Cupping is an alternative modality to deep tissue work since it treats the muscles in a similar way and can be more effective for people who do not respond well to deep tissue therapy. Cupping pulls the muscles and other soft tissues away from the body, where deep tissue work could press tissues against bony prominences.
Cupping is also a great way to increase circulation to the muscles focused on during the sessions.
It may leave circular marks on the body (called petechiae, similar looking to bruising but not a bruise). However, if you would not like to be left with marks, your practitioner can adjust the treatment so these aren’t prevalent. The outcome of the treatment may differ. Practitioners may use glass, silicone, or vacuum cups for treatment.
Cupping therapy varies in how it is provided; ask your practitioner about any concerns you may have before treatment.
Drinking water after a massage treatment is always recommended, and especially after a cupping or gua sha.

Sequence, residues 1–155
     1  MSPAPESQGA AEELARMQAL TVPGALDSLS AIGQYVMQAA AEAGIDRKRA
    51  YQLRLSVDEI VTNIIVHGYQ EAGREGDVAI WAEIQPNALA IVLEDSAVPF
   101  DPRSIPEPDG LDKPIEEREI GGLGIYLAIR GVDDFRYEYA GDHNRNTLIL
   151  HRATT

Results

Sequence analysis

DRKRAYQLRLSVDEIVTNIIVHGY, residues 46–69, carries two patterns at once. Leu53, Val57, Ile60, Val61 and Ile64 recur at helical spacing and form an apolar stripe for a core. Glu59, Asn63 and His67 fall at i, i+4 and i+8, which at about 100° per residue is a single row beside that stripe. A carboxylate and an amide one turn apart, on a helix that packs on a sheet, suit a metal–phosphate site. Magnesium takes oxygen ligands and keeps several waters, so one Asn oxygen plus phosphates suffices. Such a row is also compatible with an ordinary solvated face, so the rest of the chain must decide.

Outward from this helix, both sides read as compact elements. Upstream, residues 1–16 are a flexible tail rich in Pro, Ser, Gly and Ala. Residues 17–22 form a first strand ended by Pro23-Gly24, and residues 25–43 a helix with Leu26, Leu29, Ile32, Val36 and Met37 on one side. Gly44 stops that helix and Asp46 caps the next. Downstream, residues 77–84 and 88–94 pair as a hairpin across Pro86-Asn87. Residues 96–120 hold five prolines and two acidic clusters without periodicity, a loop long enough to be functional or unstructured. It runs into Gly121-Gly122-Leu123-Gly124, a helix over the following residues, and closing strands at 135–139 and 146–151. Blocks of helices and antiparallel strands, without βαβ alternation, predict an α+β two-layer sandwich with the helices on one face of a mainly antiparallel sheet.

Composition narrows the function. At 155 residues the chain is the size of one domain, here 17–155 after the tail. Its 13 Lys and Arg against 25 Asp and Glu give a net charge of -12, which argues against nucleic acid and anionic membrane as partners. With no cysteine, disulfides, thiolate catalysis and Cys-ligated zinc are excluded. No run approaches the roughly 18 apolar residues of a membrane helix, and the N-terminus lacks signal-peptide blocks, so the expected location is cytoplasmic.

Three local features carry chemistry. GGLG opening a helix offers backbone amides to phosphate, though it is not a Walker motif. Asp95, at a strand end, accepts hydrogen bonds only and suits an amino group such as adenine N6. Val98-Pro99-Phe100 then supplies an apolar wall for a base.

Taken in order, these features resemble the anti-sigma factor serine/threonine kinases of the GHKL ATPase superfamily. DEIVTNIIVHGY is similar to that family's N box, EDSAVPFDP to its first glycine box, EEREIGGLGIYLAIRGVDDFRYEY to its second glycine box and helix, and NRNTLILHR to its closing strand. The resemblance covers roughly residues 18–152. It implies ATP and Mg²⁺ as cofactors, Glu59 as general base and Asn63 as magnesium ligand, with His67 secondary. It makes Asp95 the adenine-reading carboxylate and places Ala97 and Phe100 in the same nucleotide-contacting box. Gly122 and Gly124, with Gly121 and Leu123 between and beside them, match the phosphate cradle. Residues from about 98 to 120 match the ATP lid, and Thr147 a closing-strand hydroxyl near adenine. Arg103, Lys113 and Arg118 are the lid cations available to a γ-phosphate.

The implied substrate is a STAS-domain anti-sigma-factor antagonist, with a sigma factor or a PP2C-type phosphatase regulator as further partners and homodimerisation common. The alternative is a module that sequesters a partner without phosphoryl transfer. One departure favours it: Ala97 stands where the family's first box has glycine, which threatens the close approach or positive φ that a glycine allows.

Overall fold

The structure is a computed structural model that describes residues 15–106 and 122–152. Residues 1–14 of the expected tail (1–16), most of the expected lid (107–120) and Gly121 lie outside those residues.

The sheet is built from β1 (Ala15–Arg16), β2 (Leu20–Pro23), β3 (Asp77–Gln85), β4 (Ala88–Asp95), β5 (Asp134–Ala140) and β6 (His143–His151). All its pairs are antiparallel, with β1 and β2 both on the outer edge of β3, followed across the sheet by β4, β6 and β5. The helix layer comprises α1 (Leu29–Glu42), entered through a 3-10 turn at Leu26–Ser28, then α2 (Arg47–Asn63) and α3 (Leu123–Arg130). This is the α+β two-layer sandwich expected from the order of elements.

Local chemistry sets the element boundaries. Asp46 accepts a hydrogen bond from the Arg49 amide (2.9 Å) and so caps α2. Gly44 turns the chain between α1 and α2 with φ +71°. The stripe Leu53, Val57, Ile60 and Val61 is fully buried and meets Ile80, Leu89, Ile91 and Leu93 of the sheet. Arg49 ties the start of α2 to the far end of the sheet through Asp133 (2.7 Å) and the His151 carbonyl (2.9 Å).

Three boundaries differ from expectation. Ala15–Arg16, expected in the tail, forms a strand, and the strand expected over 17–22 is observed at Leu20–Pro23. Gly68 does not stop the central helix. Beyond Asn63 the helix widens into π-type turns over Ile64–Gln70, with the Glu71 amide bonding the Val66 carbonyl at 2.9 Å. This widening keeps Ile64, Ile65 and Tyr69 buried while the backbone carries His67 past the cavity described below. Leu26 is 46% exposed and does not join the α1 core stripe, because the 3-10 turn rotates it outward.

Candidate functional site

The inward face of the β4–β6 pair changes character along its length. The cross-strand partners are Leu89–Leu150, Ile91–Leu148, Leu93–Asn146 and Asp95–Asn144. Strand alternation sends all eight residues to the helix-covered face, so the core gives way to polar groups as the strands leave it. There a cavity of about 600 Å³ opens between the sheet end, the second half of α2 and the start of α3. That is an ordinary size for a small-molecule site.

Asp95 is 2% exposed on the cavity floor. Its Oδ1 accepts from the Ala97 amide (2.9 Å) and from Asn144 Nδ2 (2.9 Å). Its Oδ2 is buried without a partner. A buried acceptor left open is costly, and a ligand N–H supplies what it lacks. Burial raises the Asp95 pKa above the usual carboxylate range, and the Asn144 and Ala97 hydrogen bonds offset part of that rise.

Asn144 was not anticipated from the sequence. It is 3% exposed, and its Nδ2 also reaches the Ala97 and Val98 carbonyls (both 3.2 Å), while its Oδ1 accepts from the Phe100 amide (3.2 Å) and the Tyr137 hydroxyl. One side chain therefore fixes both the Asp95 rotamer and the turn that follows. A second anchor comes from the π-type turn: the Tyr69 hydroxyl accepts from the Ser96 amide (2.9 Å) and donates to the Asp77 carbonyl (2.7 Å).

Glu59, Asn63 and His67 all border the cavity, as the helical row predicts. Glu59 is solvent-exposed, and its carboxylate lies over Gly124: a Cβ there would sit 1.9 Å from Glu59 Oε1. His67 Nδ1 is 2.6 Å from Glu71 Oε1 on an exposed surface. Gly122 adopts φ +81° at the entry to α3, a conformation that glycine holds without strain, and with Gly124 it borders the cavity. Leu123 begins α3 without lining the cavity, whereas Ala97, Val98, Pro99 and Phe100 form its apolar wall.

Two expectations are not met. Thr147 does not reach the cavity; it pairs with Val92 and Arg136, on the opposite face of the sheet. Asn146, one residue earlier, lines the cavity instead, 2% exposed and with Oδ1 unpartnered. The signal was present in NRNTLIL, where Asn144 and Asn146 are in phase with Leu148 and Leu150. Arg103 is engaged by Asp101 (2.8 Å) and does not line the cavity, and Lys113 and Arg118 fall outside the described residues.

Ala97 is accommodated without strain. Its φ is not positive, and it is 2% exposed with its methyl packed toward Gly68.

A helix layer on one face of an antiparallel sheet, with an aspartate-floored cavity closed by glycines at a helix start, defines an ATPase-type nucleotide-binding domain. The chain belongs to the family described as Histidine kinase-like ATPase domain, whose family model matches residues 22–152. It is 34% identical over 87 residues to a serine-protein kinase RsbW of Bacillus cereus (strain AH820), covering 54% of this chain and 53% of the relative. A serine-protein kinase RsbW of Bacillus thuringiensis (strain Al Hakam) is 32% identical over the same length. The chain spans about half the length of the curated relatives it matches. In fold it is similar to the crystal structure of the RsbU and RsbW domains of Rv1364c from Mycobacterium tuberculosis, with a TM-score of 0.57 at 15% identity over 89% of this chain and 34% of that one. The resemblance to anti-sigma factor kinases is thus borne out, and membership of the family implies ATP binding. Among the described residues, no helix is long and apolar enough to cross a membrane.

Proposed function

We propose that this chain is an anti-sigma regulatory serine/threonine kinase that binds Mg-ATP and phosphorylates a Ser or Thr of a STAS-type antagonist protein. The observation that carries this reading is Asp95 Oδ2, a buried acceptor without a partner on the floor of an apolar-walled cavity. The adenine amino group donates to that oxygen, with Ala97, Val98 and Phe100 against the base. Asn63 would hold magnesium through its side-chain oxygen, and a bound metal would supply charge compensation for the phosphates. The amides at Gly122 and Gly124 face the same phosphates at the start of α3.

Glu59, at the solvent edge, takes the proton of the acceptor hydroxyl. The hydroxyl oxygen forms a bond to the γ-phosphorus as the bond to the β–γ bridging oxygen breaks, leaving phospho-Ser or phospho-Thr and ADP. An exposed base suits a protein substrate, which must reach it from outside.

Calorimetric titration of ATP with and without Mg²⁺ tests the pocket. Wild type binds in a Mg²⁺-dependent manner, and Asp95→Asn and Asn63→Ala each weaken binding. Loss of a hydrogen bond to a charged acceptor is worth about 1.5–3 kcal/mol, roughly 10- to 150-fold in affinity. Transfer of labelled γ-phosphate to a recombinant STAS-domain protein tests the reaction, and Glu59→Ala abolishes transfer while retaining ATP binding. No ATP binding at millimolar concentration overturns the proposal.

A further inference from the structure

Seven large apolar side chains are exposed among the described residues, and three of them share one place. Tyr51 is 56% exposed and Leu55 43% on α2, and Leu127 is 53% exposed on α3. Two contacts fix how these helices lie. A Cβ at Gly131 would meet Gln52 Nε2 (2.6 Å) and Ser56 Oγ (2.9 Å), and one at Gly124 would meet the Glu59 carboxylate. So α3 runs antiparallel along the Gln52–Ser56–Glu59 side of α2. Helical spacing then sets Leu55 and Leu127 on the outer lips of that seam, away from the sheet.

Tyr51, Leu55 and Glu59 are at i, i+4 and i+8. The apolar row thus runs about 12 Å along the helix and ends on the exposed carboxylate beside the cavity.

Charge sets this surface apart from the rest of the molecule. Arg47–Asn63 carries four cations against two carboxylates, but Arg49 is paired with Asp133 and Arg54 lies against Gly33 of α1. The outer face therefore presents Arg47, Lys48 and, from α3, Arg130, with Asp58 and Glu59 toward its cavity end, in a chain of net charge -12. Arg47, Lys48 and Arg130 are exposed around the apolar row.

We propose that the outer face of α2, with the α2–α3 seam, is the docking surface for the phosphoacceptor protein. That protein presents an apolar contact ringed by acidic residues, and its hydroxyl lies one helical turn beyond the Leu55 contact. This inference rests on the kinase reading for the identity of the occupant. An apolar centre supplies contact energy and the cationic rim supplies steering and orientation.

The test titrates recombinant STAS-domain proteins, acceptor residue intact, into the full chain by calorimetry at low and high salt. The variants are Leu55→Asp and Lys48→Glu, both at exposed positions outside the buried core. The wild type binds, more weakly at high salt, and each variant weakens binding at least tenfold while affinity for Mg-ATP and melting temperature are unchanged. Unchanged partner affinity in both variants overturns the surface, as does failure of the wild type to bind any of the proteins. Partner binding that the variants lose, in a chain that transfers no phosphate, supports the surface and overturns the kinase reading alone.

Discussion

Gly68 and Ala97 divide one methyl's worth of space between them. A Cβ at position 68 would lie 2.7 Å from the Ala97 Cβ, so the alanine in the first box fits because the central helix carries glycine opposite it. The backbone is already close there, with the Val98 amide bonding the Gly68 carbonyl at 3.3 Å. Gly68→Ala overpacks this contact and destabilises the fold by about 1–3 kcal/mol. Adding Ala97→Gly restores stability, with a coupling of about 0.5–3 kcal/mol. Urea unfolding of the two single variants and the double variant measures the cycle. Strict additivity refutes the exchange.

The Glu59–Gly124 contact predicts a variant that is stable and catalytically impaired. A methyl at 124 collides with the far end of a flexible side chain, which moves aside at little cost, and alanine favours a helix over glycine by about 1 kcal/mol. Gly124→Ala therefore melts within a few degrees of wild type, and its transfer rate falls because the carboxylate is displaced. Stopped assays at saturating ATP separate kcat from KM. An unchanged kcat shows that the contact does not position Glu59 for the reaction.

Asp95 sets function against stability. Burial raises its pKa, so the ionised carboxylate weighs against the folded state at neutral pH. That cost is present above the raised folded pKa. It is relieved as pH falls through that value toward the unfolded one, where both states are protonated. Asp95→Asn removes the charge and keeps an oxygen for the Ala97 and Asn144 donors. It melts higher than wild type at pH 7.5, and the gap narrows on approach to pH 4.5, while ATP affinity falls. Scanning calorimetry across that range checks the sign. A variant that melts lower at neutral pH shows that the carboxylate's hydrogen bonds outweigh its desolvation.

A glass of room-temp water or two should be sufficient to help relieve any extra muscle tension and help to keep your body moving and working internally to clear out old energy. Light exercise, like walking, can help to continue circulation and keep muscles moving after a treatment. It is encouraged to take it easy after treatment; we encourage light stretching or yoga.
If the petechiae (purple/red marks) are dark using a heating pad or warm compress can help promote more circulation to the area and circulating out stagnant or old nutrients. The petechiae will usually go away in 10-14 days or less. There is a small risk for infection since cupping can also open pores in the skin. Dizziness isn’t common, yet if you are not feeling well after the treatment let your practitioner know so they can help.